These colourful pickles make a great addition to a sandwich or next to a cheese board.
6 lbs (2.7 kg) carrots
4 1/2 cups (1.125 L) each distilled white vinegar and water
3 Tbsp (45 mL) kosher salt
1 Tbsp (15 mL) yellow or black mustard seed
1 Tbsp (15 mL) coriander seed
1 1/2 tsp (7 mL) ground ginger
1 bunch fresh dill
6 red Thai chilies
12 garlic cloves, peeled and cut in half if large
Prepare all equipment for the hot water canning process.
Wash, peel, and cut carrots into about 1/2 in (1.25 cm) thick sticks that are about 1 in (2.5 cm) shorter than the height of the canning jars.
In large pot, combine vinegar, water, and salt. Stirring occasionally to dissolve salt, bring to a boil over high heat.
Meanwhile, lay clean kitchen towel on work surface. Place hot, sterilized jars on towel. To each add 1/2 tsp (2 mL) mustard seed and coriander seed, 1/4 tsp (1 mL) ground ginger, 2 or 3 sprigs of dill, 1 chili, and 2 garlic cloves. Pack carrots snugly into jars. Ladle hot brine into jars leaving 1/2 in (1.25 cm) of head space from rim of jars.
Seal and process jars using the water bath canning method for 7 minutes. Remove jars with canning tongs and set on cooling rack or clean towel. Leave jars to cool, undisturbed, for 12 to 24 hours.
Check seal and store in a cool, dark place for up to 1 year. Wait at least 2 weeks before opening.
Makes 5 or 6 - 2 cup (500 mL) jars.
Each 1/4 cup (60 mL) serving contains: 57 calories; 1 g protein; 0 g total fat (0 g sat. fat, 0 g trans fat); 13 g total carbohydrates (6 g sugars, 4 g fibre); 210 mg sodium
source: "The Art of Canning", alive #371, September 2013
This simple dessert celebrates the glory that is the summer strawberry. Don’t feel you have to stick to strawberries here; swapping them for ripe peaches would also make for a stunning ending to any meal. What to gild the lily with? Add a dollop of whipped coconut cream or a small scoop of vanilla ice cream. Flower power Orange blossom water (also known as orange flower water) is produced by water distillation of the blossoms of a bitter orange tree. Just like rose water, a little goes a long way. So, take care and use just a drop or two, tasting as you go so as not to overwhelm but rather to complement the other flavours in a dish.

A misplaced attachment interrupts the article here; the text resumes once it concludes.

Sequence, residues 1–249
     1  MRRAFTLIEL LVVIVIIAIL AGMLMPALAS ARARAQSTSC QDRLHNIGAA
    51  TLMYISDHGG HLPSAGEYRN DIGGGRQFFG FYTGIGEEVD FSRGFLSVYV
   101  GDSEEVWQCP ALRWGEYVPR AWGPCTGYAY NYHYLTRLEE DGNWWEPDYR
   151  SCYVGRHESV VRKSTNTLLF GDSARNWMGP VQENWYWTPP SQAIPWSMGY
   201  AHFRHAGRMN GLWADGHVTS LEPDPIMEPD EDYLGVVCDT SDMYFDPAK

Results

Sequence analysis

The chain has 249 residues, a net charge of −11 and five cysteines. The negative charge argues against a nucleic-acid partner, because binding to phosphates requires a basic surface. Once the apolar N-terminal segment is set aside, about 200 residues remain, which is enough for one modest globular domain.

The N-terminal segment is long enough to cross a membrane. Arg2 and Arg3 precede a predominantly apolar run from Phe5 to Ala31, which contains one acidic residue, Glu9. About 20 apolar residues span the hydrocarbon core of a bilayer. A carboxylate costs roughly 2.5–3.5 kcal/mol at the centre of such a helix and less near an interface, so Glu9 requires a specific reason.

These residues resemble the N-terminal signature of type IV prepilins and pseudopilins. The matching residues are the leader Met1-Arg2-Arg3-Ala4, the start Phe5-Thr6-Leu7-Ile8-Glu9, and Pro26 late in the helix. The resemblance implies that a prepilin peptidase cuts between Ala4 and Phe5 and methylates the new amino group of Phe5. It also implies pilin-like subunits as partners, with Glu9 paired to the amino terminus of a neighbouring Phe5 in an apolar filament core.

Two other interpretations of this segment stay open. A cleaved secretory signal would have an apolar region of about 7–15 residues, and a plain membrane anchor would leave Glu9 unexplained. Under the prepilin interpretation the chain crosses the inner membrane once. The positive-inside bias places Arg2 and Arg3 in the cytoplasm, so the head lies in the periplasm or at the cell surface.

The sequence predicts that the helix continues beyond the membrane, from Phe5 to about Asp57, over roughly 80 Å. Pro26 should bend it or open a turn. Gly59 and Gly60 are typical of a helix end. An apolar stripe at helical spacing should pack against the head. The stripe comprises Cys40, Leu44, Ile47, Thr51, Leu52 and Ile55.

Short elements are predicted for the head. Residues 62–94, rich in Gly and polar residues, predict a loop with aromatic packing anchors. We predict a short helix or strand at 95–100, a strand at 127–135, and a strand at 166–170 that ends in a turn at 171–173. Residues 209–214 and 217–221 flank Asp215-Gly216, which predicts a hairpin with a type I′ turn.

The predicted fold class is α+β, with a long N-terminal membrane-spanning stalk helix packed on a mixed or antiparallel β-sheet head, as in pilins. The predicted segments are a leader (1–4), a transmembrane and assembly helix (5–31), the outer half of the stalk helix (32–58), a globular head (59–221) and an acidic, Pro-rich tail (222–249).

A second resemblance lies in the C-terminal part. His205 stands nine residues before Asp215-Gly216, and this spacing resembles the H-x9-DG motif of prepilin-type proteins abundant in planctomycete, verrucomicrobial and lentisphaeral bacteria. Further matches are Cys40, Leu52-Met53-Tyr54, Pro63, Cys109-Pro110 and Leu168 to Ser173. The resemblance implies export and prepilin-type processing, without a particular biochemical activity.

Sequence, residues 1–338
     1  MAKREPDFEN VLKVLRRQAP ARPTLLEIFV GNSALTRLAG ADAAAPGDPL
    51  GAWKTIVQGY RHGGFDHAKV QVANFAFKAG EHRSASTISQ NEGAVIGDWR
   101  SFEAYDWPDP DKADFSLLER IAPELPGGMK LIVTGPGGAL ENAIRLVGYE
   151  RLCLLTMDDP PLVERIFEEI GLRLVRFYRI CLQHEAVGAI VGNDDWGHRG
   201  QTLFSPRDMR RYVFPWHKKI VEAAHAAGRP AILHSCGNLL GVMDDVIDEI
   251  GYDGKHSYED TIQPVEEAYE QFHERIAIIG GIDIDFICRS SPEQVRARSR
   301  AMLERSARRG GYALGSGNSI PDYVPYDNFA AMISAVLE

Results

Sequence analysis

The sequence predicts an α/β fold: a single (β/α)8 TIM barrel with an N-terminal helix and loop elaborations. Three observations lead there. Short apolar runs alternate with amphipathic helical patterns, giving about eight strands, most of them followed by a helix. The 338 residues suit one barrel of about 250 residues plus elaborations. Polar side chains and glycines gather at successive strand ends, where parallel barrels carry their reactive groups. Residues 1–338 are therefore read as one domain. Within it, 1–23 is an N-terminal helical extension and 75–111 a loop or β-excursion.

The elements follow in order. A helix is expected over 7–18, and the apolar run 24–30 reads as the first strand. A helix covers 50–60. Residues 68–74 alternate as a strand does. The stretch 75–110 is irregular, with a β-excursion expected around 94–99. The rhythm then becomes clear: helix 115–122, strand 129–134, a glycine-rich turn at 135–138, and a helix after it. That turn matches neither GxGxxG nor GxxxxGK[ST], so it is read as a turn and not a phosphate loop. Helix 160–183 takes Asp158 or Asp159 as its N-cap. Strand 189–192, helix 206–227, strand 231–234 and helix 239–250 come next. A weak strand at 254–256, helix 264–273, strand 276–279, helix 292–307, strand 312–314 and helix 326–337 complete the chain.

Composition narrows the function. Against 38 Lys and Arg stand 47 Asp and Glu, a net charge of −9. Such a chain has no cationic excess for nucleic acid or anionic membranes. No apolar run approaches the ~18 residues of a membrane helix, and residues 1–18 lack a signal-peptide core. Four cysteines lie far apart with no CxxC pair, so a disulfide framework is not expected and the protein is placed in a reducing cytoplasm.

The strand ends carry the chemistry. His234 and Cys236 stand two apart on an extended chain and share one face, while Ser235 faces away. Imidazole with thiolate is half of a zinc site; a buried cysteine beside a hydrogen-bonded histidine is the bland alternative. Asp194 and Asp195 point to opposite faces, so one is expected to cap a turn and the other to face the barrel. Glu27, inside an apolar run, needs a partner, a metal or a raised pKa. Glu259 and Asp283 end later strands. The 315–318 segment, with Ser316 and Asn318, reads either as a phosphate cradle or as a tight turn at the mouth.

Ever thought about making burgers as an appetizer or as a potluck meal for friends and family? Try making your favourite burger into bite-sized portions. They might be small in size, but they won’t be small in flavour. These burgers also pair well with a Greek salad for a delicious mid-week lunch or dinner. Fresh is best Squeeze fresh lemon on patties while cooking to give them the fresh zing of citrus.
What worldwide vacation is complete without a stop in Italy? Dad won’t miss the meat in this flavourful mushroom alternative complete with Italian spices and a zesty vegetable tapenade. Portobellos have a uniquely “meaty” texture and act as a sponge to lock in loads of flavour. This meaty plant-based burger is sure to become a favourite—even with any meat-lovers in your life. Custom-made! Don’t be afraid to customize your burger buns to fit your patties. If your bun’s too big, trim off excess and save the trimmed bits of bread, but don’t discard. Instead, cut into small cubes; drizzle with some olive oil, sea salt, and seasonings of choice; bake at 350 F (180 C) for 10 to 15 minutes, and you’ll have delicious homemade croutons for use in soups and salads throughout the week.
Next stop, Asia! This shrimp burger combines classic Asian flavours with unique toppings for rich umami flavour with the saltiness of the ocean. Whether served on a bun or over rice in a more traditional Asian-style meal, try some unique miso yogurt or wasabi mayo dressing for a fabulous flavour bomb. Keep those burgers juicy Place raw patties on a plate or tray, and cover and freeze or refrigerate for 15 to 30 minutes to keep them together and to lock in moisture.